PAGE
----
More than a century before anyone would have dreamed a Twitter possible, there were women like Harriet Tubman and Ida B. Wells-Barnett.
Eloquent, they were. It’s hard to imagine translating their words into a Twitter hashtag. But for most of their lives, these woman loudly and fiercely proclaimed that black lives matter.
Wells-Barnett, born enslaved in 1862, did so in 1884 when she sued (and won) over being forced from the first-class rail seat she had purchased into a segregated train car. She did so again when she complained publicly about conditions black children endured in Memphis’ segregated schools. She was fired for her efforts.
History knows her best as the independent journalist who waged a decades-long campaign to stop the epidemic of lynchings in the late 19th century and early 20th century and who wrote extensively on white race riots that killed hundreds of blacks and destroyed their homes and businesses. Her efforts to make black lives matter began after a friend was among three black men murdered by a Memphis mob for defending their grocery that had competed with white-owned businesses.
Patrisse Cullors, co-founder of the modern #BlackLivesMatter movement, is well aware of whose shoulders she stands on. She once wrote on her Facebook page that she is in a “relationship” with Tubman, her spiritual link to a long struggle. Tubman was a former slave who was an abolitionist, an extraordinarily successful Underground Railroad conductor who guided black souls out of slavery and a Union spy. After the Civil War, she pleaded that newly freed men and women starving in encampments around Washington, D.C. be given land out west where they could work and lead dignified lives. The response confirmed that blacks lives mattered less than the availability of cheap labor.
“This work is not new,” said Cullors, who is scheduled to speak at Duke University on Oct. 28. America has had a “long and arduous movement” for black people in some cases just to be able to keep breathing and to have lives of dignity and respect, she said during a telephone interview earlier this week. “We have been among the most creative, persistent and resilient communities in fighting for ourselves.”
Black Lives Matter has three co-founders, Cullors and young black activists Alicia Garza and Opal Tometi. In discussing the July 2013 acquittal of George Zimmerman in the shooting death of Florida teen Trayvon Martin, Garza wrote the words “Black Lives Matter” on social media. Cullors created the hashtag #BlackLivesMatter soon afterward.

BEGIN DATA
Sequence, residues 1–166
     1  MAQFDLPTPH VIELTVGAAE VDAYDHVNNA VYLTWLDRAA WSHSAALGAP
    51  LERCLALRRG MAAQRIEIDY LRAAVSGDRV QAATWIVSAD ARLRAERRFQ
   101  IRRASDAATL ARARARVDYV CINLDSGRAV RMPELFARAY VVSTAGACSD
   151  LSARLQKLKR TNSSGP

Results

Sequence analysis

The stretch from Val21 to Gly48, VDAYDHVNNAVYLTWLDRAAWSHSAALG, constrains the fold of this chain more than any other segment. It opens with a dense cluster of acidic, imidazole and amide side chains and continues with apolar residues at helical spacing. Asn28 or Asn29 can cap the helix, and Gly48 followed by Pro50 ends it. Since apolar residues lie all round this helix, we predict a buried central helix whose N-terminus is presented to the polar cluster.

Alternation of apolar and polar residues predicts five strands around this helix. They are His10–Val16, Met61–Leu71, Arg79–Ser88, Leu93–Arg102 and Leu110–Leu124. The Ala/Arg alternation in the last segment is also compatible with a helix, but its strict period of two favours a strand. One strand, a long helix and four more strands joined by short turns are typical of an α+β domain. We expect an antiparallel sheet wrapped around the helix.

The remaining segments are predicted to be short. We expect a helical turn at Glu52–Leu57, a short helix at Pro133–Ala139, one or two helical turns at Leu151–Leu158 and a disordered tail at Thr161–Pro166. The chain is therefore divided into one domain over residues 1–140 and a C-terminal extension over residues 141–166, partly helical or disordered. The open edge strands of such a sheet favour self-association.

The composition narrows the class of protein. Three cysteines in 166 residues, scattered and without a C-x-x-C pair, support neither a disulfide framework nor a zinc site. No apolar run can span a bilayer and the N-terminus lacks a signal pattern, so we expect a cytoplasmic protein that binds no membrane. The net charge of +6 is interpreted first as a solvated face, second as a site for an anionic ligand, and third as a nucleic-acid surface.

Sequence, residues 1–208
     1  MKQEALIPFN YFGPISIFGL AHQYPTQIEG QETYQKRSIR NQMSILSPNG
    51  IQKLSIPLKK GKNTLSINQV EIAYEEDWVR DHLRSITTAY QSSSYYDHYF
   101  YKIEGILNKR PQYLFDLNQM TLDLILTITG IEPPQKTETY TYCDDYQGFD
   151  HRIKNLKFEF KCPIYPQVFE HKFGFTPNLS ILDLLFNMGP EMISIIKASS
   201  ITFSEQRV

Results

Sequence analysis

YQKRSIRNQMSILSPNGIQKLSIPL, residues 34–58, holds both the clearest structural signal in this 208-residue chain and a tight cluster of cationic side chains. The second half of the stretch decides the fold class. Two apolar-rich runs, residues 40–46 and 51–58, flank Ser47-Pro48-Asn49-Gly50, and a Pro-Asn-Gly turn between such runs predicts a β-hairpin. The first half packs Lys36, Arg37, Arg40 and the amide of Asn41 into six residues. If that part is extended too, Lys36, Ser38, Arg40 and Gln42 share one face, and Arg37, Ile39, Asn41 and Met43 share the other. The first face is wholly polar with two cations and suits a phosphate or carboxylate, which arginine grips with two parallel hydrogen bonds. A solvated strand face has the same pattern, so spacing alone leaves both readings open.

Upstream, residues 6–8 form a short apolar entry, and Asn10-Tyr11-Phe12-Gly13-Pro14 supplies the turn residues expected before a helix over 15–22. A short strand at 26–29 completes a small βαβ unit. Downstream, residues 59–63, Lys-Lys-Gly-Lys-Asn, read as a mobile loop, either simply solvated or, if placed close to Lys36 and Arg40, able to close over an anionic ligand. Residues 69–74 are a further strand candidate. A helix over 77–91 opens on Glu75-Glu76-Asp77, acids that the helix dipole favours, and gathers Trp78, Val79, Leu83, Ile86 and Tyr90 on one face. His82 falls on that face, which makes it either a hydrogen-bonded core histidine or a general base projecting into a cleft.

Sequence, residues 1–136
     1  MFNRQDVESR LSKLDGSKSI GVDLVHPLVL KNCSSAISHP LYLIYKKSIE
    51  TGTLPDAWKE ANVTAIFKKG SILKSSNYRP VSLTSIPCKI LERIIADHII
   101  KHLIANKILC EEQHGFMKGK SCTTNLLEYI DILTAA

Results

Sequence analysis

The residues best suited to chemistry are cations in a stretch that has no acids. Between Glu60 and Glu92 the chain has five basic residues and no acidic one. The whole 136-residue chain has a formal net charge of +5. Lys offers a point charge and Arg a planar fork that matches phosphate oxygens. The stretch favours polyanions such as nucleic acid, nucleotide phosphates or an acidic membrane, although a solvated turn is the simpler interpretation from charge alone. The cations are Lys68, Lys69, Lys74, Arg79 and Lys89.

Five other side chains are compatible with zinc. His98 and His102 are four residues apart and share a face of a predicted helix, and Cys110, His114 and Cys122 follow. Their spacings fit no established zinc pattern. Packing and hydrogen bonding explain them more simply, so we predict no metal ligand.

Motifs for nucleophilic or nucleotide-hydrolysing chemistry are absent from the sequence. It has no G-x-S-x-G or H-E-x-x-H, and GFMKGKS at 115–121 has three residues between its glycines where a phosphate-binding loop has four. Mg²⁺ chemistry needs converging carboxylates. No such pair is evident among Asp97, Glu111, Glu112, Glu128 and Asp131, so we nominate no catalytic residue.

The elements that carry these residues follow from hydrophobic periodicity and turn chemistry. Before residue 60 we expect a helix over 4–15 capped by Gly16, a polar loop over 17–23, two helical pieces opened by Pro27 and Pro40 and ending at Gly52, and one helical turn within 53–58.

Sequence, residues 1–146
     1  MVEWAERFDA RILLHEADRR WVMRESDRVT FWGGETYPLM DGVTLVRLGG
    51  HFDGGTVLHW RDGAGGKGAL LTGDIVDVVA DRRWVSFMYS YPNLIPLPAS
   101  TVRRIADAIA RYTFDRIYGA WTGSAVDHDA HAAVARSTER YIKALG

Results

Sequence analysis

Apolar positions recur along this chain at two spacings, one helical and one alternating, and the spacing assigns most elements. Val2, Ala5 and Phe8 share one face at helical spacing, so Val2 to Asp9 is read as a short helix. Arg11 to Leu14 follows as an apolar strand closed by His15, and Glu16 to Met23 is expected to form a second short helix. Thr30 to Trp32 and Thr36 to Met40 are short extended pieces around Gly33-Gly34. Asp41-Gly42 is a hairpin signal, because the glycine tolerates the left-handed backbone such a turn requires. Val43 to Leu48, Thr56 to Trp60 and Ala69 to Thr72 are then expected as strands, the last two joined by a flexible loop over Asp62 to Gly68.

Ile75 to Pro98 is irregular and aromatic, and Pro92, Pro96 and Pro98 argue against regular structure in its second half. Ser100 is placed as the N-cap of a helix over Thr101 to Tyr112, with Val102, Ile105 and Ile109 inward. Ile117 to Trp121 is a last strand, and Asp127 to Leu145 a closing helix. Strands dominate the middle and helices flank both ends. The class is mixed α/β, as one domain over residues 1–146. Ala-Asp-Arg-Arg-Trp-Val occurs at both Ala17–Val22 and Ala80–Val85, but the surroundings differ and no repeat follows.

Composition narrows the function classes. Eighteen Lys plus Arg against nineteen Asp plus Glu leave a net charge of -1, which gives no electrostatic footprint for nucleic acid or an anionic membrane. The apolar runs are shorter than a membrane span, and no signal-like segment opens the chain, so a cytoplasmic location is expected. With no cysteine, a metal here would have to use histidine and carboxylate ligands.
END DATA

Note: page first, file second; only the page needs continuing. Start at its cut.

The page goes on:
The movement gained momentum in 2014 with a string of deaths of black men at the hands of police in Ferguson, Mo., Staten Island, New York and Cleveland. Mass protests of the incidents included hundreds of people carrying placards stating “Black Lives Matter.” The hashtag provided a means for blacks and others to discuss on social media the issues surrounding the killings and to organize protests.
Some have questioned whether Black Lives Matter is more than a social media phenomenon.
Cullors, 32, has a background in social activism. The Los Angeles native is the founder of Los Angeles-based Dignity and Power Now, which advocates for people in prison and their families, and is director of truth and reinvestment at the Ella Baker Center for Human Rights in Oakland, Calif.
Black Lives Matter, Cullors said, is not a “moment” but a movement that broadens the conversation about state violence to all of the ways blacks are intentionally kept powerless. Black Lives Matter has no centralized structure or hierarchy, but encourages people to form chapters in their communities to address from the grass-roots issues such as police abuses, mass incarceration and lack of educational opportunities. “There are over 26 Black Lives Matter chapters across the globe organizing a new generation of black leadership.”
On a national level, Black Lives Matter has had an impact on the 2016 presidential campaign by aggressively interrupting appearances by Democratic candidates and forcing some to formally address the core issues presented by the movement. And it has been effective enough to draw a backlash. “We’ve had multiple backlashes,” Cullors says, “from Twitter trolls to (Fox News commentator) Bill O’Reilly” to the glib retort “all lives matter.”
Recently, the hashtag #blackspring, evocative of the 2010 Arab spring, has appeared with #blacklivesmatter. Cullors said #blackspring is about not looking at the events of the past two years as isolated incidents but as institutionalized patterns that require proactive, aggressive responses.
“Black are not a monolithic group,” she said on a May edition of The HuffPost Show. “But we are facing something that’s extreme – and that’s poverty, that’s homelessness, that’s higher rates of law enforcement invading our communities day in and day out – and we are uprising. And so this Black Spring is about really talking about a national uprising.”
Patrisse Cullors at Duke
Wednesday, 7 p.m. at Page Auditorium, Duke University.
The event is free and open to the public, but tickets are required from the Page Auditorium box office.